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Local Councillor says Harris VP appointment ‘hugely significant not only across the world but even in Limerick’

Limerick City Councillor Elisa O’Donovan has hailed the ascension of Kamala Harris to the role of Vice-President in the United States, saying that it is “hugely significant” in terms of female political representation.

Kamala Harris is the first female Vice-President of the United States and is the daughter of an Indian mother and a Jamaican father.

O’Donovan said Harris being designated Vice-President-elect in the highest political office in the world has “really given a lot of people a boost as people like seeing more inclusive representation.”

Boost – Limerick Councillor Elisa O’Donovan discusses the election win of Kamala Harris (photo via Twitter)

The Independent Councillor, who represents Limerick City West, said: “It’s important for a functioning democracy that we have a good representation of all people – men, women, disabilities, people of colour – in our governing processes.”

Echoing the sentiments of the 20×20 movement, which advocates for greater female representation in Irish sport, O’Donovan said “if you can’t see it, you can’t be it.”

Discussing her own experiences as a female politician in Ireland, O’Donovan said, “the structures we have at the moment are inherently masculine,” and that it can be “very difficult for women to progress in political leadership in this country.”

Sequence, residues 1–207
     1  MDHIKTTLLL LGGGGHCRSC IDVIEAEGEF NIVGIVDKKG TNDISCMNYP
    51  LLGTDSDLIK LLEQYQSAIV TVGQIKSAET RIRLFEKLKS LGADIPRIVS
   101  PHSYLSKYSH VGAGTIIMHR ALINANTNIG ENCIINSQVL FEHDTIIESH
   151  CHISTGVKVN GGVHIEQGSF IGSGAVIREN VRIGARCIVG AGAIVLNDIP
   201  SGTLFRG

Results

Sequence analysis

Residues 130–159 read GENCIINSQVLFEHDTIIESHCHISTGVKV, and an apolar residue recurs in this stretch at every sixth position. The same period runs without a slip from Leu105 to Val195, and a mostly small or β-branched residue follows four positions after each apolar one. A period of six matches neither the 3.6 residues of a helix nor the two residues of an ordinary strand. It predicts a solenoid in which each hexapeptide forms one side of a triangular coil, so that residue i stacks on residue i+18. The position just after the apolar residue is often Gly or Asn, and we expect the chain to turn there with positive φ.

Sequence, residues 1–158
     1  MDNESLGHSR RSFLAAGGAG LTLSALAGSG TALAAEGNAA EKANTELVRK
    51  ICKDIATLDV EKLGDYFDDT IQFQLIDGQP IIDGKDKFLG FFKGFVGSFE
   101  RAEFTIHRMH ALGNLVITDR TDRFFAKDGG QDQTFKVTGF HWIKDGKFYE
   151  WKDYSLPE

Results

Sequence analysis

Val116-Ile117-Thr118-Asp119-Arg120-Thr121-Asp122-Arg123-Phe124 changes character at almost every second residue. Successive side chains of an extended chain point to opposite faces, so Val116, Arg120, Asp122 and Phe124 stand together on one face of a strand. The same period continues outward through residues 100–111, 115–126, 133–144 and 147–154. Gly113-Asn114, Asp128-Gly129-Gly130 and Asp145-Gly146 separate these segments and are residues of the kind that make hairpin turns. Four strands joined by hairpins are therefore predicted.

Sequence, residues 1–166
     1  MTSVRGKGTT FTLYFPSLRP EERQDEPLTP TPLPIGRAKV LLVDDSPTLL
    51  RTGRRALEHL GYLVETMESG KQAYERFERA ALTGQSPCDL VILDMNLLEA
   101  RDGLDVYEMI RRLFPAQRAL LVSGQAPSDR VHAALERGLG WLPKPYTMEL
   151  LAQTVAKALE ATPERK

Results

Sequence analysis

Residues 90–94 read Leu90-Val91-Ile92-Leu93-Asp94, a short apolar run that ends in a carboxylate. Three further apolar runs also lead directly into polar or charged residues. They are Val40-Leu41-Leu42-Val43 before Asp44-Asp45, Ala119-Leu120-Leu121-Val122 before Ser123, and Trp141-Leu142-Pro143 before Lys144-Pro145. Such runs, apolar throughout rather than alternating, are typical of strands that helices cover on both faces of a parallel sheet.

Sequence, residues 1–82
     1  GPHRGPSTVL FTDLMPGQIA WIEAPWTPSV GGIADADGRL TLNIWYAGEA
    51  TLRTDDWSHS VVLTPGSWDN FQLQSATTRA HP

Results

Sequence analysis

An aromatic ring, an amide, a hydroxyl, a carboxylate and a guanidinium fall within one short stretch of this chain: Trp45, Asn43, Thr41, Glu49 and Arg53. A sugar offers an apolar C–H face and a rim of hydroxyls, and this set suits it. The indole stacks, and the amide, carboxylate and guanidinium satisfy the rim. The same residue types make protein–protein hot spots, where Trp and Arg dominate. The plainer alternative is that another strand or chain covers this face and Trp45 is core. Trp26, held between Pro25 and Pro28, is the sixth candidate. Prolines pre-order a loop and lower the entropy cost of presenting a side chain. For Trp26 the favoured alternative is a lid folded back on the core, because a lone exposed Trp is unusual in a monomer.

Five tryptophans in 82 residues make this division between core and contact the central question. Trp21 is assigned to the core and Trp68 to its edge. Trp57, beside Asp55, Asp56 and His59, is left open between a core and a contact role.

Citing the stats, the 4 TD’s elected to represent Limerick in February’s general election were male, O’Donovan said the all-male cohort does Limerick “a great disservice at a national level.”

Out of the 40 council members in Limerick, 9 are women, and O’Donovan says these councillors are a member of a women’s caucus, where O’Donovan says they “come together to and work to increase female representation in city and county.”

“It’s really important that everyone works together – From what I’ve seen and what I know, Limerick wants to see more women at the decision table.”

New Zealand Prime Minister Jacinda Ardern speaks at the Labour Party election night event in Auckland, New Zealand, October 17, 2020. (Photo via Time Magazine)

“We know that in countries with inclusive governments where you have better representation of women, they’ve been linked with an increase in the quality of life in people, and there’s much more fairness in the decision-making process.”

In Harris’ remarks on Saturday night, she said, “While I may be the first woman in this office, I will not be the last,” adding “Because every little girl watching tonight sees that this is a country of possibilities.”

O’Donovan has some words of advice for those who were inspired by the speech.

“I would encourage anyone to get involved in politics – it can be daunting to do, and it certainly is something you would need confidence to do.”

“Chat to a local councillor – such as myself – or avail of any training. Surround yourself with people who believe in you and have that core team around you.”

Discussing the role local media plays in Irish politics, O’Donovan stated that local media outlets have shown themselves to be quite “sexist.”

However, that doesn’t put O’Donovan off.

Citing the success of New York Congresswoman Alexandria Ocasio-Cortez, who possesses nearly 8 million followers on Instagram and over 10 million followers on Twitter, O’Donovan says “female politicians have used social media to great effect.”

“She regularly gets demonised in traditional media, but she doesn’t need traditional media as she can link directly with constituents via social media.”

“I think it’s a really positive thing politicians don’t have to go through traditional media outlets anymore,” she added.

“I’m very hopeful that the election of Kamala Harris has really given people a boost and I think Limerick wants to see more women at the decision table and want to see more women leaders in the city and county.”

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